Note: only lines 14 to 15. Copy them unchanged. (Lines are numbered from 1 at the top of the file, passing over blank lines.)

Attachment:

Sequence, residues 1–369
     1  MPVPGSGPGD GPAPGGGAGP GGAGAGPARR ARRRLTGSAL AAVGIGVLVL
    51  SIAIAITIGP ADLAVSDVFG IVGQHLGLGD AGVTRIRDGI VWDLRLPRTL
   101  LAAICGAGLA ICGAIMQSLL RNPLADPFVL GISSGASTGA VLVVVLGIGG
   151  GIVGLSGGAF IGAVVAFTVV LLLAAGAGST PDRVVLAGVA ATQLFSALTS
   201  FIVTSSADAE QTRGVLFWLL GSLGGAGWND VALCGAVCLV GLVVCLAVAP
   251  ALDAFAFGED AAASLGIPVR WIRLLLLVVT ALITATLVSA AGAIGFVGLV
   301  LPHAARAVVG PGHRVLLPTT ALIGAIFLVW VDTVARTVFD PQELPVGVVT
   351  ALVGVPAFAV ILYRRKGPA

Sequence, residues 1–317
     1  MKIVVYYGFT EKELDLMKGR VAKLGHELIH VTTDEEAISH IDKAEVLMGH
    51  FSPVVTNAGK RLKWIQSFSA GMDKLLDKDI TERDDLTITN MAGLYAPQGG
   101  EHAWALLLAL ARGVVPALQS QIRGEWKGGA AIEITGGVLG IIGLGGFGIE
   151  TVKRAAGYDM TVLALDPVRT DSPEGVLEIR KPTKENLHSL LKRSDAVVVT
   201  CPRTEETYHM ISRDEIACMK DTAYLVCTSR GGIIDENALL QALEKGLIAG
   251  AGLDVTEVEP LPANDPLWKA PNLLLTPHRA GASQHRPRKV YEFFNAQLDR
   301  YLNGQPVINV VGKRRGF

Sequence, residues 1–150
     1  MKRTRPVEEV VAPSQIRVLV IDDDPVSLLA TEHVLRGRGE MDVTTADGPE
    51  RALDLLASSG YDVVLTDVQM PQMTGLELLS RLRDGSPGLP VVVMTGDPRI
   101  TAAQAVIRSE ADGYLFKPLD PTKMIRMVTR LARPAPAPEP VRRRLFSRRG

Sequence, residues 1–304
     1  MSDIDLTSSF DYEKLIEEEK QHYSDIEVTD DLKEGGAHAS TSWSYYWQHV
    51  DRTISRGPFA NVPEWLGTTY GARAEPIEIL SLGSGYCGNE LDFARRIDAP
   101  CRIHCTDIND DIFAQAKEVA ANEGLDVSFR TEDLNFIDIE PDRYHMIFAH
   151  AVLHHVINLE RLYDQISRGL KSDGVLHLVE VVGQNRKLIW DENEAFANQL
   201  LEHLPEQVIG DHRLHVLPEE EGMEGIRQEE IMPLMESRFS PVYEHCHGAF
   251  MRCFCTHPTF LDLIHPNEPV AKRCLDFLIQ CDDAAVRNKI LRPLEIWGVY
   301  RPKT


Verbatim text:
   151  TVKRAAGYDM TVLALDPVRT DSPEGVLEIR KPTKENLHSL LKRSDAVVVT
   201  CPRTEETYHM ISRDEIACMK DTAYLVCTSR GGIIDENALL QALEKGLIAG